In A2780-cp cells, GAELs induced the activation of caspases, and the increased caspase activity that correlated with reduced cell viability was partially blocked by the pan-caspase inhibitor (QVD). This was consistent for GLN, but MO-101 produced contrasting results. The presence of QVD had no effect on MO-101-induced cell death, and in fact enhanced the amount of cell death, when tested using flow cytometry. However, there was a reduction in cell death when tested using the CellTiter assay. These different results may be a reflection of the sensitivity of the different assays to the level of cell death, or it may reflect the different culture condition used for each assay. CellTiter experiments were conducted using a 96-well format, whereas the flow cytometry experiments required generation of cell aggregates and drug treatment in several wells of a 12-well plate. The flow cytometry experiments required a greater number of cells, and thus several wells were pooled for a single condition.
GLN and MO-101-induced cell death appears to be partially dependent on caspase activity in A2780-cp cells. By contrast, the presence of QVD had no effect on MO-101-induced death in primary EOC cells. These results are similar to our previous results using different cancer cell types and other GAELs . Thus, in EOC cells, GAEL-induced cell death is primarily via a caspase-independent mechanism that may be augmented by caspase activation in A2780-cp cells. One beneficial effect of this is that if the apoptosis pathway is inhibited in the cancer cell, cell death may still occur via the caspase-independent mechanisms. Additional research is required to illuminate the mechanisms of cell death induced by GAEL compounds. The overall conclusion from our studies is that GAELs in general, and MO-101 in particular, will be an excellent lead agent for in vivo assessment of its efficacy against platinum-resistant ovarian cancer. While in vivo studies have not been conducted with these compounds, future studies are planned to investigate the tolerability and efficacy of GAELs, and MO-101 in particular, for treating EOC in vivo.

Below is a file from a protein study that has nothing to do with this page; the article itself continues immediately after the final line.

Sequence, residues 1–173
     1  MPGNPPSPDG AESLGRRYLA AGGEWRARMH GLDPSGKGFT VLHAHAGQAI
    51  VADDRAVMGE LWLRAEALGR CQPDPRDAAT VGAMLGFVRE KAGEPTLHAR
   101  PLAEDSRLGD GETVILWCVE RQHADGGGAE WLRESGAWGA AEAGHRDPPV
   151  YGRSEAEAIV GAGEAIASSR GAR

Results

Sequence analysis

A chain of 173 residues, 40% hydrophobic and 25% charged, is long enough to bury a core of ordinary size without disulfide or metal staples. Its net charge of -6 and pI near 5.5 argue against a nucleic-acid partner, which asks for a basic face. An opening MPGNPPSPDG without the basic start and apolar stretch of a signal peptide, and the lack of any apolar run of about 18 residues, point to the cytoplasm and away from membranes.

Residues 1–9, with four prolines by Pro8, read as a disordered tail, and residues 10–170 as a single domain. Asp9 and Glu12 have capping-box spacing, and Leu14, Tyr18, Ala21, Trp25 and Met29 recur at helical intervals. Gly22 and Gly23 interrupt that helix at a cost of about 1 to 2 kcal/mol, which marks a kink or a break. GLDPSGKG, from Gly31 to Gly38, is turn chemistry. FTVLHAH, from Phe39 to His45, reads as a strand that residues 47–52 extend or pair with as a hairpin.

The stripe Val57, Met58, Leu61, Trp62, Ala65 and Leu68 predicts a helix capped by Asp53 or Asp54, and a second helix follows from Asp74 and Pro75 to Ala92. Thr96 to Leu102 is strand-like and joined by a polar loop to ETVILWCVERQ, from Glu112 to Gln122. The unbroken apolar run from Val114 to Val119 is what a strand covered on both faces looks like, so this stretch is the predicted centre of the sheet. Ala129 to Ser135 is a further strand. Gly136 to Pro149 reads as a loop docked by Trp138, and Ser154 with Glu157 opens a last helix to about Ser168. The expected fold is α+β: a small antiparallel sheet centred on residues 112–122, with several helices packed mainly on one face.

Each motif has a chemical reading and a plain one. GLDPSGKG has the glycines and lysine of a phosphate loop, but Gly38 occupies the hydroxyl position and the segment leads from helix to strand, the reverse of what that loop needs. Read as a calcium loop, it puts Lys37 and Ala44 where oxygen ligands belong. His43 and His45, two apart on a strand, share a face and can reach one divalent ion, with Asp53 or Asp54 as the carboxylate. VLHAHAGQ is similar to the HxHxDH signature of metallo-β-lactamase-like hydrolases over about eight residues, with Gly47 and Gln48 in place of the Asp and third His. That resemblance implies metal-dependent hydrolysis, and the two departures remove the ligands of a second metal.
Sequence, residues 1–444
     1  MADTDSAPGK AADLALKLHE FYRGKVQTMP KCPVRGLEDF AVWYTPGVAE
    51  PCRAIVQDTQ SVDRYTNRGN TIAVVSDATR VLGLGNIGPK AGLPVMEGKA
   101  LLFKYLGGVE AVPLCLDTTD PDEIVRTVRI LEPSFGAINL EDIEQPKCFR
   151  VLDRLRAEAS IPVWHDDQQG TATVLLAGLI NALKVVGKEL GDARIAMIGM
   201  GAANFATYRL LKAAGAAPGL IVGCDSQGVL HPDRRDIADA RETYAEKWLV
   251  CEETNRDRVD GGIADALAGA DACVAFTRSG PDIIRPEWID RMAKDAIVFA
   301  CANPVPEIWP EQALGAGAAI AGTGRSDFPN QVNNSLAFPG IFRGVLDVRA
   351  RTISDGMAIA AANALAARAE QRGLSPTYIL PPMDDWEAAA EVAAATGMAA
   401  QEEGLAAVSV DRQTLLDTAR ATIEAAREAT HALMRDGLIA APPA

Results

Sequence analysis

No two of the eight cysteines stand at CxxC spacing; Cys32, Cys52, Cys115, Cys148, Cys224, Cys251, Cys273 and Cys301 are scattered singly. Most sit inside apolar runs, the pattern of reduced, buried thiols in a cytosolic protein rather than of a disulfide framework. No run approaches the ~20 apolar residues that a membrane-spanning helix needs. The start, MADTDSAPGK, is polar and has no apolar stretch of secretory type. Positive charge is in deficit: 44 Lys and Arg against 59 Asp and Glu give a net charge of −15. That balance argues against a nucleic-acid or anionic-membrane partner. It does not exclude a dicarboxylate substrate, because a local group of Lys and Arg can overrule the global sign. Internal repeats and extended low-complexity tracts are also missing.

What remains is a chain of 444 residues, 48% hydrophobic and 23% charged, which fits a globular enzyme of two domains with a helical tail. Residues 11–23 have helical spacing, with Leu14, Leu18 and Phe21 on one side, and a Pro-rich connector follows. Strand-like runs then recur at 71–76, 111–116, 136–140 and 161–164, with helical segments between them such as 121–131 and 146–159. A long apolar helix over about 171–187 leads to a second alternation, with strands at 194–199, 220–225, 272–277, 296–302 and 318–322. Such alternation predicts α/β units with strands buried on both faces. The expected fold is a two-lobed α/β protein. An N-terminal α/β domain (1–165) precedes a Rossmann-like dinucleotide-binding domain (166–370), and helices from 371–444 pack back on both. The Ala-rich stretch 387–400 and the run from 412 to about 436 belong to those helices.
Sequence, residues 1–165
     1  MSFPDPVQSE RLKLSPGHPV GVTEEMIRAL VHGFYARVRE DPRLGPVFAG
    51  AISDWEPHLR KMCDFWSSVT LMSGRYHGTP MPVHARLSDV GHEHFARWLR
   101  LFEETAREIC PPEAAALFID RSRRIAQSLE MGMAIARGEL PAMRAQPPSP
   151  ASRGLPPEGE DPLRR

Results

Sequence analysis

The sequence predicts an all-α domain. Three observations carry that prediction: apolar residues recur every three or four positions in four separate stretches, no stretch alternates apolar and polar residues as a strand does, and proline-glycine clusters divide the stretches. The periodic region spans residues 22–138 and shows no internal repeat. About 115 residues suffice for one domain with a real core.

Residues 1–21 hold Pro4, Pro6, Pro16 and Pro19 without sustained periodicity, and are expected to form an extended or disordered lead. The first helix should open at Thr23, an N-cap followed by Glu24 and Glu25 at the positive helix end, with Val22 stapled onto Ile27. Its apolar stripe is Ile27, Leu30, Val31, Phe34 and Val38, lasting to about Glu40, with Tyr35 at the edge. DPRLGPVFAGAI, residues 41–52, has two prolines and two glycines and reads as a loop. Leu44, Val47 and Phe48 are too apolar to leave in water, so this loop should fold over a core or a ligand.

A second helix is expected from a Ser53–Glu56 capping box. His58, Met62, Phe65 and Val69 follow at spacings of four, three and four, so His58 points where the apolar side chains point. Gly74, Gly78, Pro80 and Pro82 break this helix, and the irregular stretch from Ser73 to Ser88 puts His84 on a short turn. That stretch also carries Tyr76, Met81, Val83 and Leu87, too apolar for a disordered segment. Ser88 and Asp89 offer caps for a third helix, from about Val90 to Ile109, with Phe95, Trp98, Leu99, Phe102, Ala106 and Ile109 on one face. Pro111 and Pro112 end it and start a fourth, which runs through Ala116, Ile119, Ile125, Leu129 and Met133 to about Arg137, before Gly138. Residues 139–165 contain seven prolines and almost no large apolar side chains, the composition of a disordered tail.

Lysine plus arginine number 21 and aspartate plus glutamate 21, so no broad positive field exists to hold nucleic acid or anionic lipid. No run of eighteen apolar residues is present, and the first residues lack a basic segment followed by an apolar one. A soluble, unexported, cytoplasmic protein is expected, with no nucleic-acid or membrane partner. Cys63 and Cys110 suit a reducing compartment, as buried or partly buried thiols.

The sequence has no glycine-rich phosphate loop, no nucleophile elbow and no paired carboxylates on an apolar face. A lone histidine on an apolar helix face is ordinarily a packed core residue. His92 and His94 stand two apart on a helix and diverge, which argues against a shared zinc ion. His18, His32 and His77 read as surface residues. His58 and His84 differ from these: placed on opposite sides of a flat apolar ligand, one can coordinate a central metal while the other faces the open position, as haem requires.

Bowtell DD, Bohm S, Ahmed AA, Aspuria PJ, Bast Jr RC, Beral V, Berek JS, Birrer MJ, Blagden S, Bookman MA, et al. Rethinking ovarian cancer II: reducing mortality from high-grade serous ovarian cancer. Nat Rev Cancer. 2015;15(11):668–79.
Coleman RL, Monk BJ, Sood AK, Herzog TJ. Latest research and treatment of advanced-stage epithelial ovarian cancer. Nat Rev Clin Oncol. 2013;10(4):211–24.
Patch AM, Christie EL, Etemadmoghadam D, Garsed DW, George J, Fereday S, Nones K, Cowin P, Alsop K, Bailey PJ, et al. Whole-genome characterization of chemoresistant ovarian cancer. Nature. 2015;521(7553):489–94.
Sherman-Baust CA, Becker KG, Wood Iii WH, Zhang Y, Morin PJ. Gene expression and pathway analysis of ovarian cancer cells selected for resistance to cisplatin, paclitaxel, or doxorubicin. J ovarian res. 2011;4(1):21.
Suh DH, Kim MK, No JH, Chung HH, Song YS. Metabolic approaches to overcoming chemoresistance in ovarian cancer. Ann N Y Acad Sci. 2011;1229:53–60.
Hiss D. Optimizing molecular-targeted therapies in ovarian cancer: the renewed surge of interest in ovarian cancer biomarkers and cell signaling pathways. J Oncol. 2012;2012:737981.
Cunnea P, Stronach EA. Modeling platinum sensitive and resistant high-grade serous ovarian cancer: development and applications of experimental systems. Front Oncol. 2014;4:81.
Friedrich J, Seidel C, Ebner R, Kunz-Schughart LA. Spheroid-based drug screen: considerations and practical approach. Nat Protoc. 2009;4(3):309–24.